A Happy Interlude

My blog droughts have been long, but I have something to show for it. When October 2008 happened, our near future looked extremely bleak. I stood up in an anxious company meeting to tellour associates that we would do everything and anything necessary in order to “opt out” of the impending recession. I meant it. Our team responded with an astounding effort…and for now, we have done it.

About seven months later, I can say with certainty that we have successfully fought off some of the worst effects of the bad economy. Last week, we even had a modest (honorarium level) mid-year profit sharing. Recognizing that in the business of homebuilding, big losses are the norm, Chapter 11’s are common, and thousands of homebuilders have simply gone out of business, we had a happy celebration over the good fortune from our efforts.

How have we accomplished this? “The old fashioned way” is an essential part of the answer. There has been an extraordinary hard work effort throughout the company for months on end, but there are other reasons too. We also responded with one of the most creative and innovative periods in our company history (36+ years). We turned ourselves around quickly; in months, not years, we have simply become much better at whatwe do.

We have long been adherents of Lean Production principles and strategies. Most of our associates have taken a course on the subject and in the past several years we have also held several Lean educationalforums at our facility. Like many things, though, the ultimate success of Lean requires both knowledge and motivation. What we learned recentlyis that while we’ve had the knowledge, the critical level of motivationhad to be thrust upon us by outside forces.

Waste has always been the enemy, but seeing its many facets with claritysometimes requires a different perspective. A deep homebuilding recession cleared the scales from our collective eyes. There are now many fewer elements of redundancy, inefficiency or waste in our process and products than there were even a few months ago. We have done little things like reduced the steps taken to get a tool and the number of times a piece or element is handled, but we have also done big things, such as eliminating unnecessary construction documents and automating layout.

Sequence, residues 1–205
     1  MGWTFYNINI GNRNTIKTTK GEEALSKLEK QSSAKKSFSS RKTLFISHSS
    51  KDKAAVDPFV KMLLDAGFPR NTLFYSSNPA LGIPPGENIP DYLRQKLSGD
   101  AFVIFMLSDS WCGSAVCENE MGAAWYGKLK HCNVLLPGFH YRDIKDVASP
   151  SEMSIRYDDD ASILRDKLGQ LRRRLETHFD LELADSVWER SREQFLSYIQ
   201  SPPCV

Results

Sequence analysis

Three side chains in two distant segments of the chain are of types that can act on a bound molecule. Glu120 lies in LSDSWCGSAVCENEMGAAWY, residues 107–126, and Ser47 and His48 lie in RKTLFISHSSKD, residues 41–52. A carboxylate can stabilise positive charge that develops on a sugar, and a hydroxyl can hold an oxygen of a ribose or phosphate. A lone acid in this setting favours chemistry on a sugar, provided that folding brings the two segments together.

Sometimes it is necessary to literally invent ways to circumvent waste because it’s so embedded in how things have always been done. In homebuilding, wasteful systems and processes are the norm, not the exception. So we have been creating and inventing in software innovations, new tools, better work stations, and improved building system details. Only the quality goal at the end is unmovable; all else between the starting point and the end point has been fodder for improvement, upgrading and reinvention–whatever it takes.

As a result of intense company-wide efforts, we are already accomplishing highest quality work, with significantly increased cycle times. Better work; less time. It turns out that even in extremely difficult times for the homebuilding industry, a formula that offers thepossibility that quality, time and cost can all be optimized simultaneously will draw potential clients like bees to honey. It’s notas if we didn’t know that before last October, but we had to be jerked out of our comfort zone to get there as quickly as we have in the last few months.

What is the definition of quality? This has long remained the same for us: finely crafted, high performance buildings with the features and amenities our clients need and want. We are building homes that range from the low $200K range up to several million. Each client gives us a unique quality goal that becomes its own“no plan B” target. We customize ourselves to fit them. We are also aware that people are looking for a life improvement that goes well beyond the physical aspects of a building. In all that we do, we aspire to improve the quality of lives, which is the ultimate reason new homes are built.

What is the definition of faster time? Through prefabrication and parallel processing, we can cut typical on-site construction times by two-thirds or more. Our off-site fabrication methods are the most creative and innovative in our industry. Our Open-Built systems allow us to take a unique approach in the fabricationof building elements that includes everything from rough framing to fine finishes, without submitting to the dull architectural constraints of modular boxes.

What is the definition of cost control? Our immediate intention is to meet or beat the cost of typical on-site construction. While we eventually hope to achieve costs that we expect to be much lower eventually, for now higher quality and much faster delivery are the primary goals.

As a result of these accomplishments, we now have the same backlog we’vehad in banner years in the boom economy. It would be foolish to say that we have become immune to the travails of this hard recession (actually a Depression in homebuilding), but our team is rightly proud of having “opted out” of the recession (at least for now), exactly as planned!

Next time: back to “How to build in a Recession”

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